Bin Laden is suspected by the Bush administration of having masterminded the September 11 terrorist attacks that resulted in the deaths of more than 3,000 people. The current whereabouts of the al Qaeda leader are not known by administration officials. Some believe he escaped from Afghanistan into neighboring Pakistan. Other officials say that he is probably lying dead somewhere in a cave complex in the Tora Bora region of Afghanistan.

Green Berets' mail
It seems the president, secretary of defense and other members of the National Command Authority (NCA) are getting quick access to daily situation reports from Green Berets in Afghanistan.

Normally such reports go to superiors at Fort Bragg, N.C., where they are edited before being forwarded to Washington. But the age of instant satellite communication means everybody gets to read the reports at the same time.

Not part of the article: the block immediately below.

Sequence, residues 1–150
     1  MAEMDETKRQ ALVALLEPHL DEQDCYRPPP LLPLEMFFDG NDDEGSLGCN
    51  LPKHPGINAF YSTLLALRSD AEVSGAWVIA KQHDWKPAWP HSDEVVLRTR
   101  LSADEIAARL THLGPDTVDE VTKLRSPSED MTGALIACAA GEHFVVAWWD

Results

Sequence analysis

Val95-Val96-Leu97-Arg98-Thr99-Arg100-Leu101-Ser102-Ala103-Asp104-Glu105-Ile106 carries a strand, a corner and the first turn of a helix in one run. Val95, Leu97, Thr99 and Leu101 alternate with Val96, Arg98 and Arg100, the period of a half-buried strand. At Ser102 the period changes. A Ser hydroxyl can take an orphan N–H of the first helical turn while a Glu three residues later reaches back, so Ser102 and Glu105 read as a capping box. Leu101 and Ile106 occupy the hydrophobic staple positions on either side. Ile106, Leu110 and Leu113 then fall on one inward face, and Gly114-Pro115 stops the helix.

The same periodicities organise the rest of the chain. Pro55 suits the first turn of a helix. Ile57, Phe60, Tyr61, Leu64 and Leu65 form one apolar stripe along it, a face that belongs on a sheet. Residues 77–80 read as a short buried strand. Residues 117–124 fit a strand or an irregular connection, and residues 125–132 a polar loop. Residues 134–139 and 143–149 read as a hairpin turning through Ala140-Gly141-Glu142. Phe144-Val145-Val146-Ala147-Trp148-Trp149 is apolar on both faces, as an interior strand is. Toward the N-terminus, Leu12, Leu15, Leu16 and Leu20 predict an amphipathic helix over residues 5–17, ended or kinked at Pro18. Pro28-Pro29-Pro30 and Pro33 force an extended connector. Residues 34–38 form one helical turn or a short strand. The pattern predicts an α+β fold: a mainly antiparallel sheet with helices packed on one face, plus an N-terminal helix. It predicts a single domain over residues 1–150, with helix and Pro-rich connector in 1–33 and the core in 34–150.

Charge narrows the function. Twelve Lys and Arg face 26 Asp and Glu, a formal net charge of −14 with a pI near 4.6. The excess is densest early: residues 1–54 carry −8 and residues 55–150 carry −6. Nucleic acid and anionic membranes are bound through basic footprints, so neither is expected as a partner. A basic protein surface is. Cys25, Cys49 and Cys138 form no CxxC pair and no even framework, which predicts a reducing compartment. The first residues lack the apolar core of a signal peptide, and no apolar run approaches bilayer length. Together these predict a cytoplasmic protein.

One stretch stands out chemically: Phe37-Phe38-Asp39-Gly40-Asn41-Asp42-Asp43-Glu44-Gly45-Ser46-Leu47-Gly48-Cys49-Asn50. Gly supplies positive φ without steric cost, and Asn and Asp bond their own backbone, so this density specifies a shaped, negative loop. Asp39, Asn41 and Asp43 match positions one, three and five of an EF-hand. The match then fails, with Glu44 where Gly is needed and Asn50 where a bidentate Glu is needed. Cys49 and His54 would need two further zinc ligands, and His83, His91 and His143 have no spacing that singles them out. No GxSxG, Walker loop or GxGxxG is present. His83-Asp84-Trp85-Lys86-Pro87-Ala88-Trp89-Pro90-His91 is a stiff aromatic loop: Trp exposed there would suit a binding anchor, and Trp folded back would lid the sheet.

One Special Forces soldier said an unedited report, or "SitRep," made it from an "A Team" on the ground to the NCA the next day. "I mean the entire NCA, and it was a thing of beauty," the soldier says. "If I ever get a chance to bring it to you, you would cry."

An officer here in the United States said, "My impression is that it was 'a thing of beauty' because for probably the first time, NCA (Bush, Rumsfeld, Condoleezza Rice) get to find out what a deployed team is actually doing, accomplishing, and what they're up against."

Green Berets helped turn the tide in Afghanistan in late October. U.S. teams embedded themselves within anti-Taliban forces and advised them on how to fight while designating targets for U.S. fighters and heavy bombers.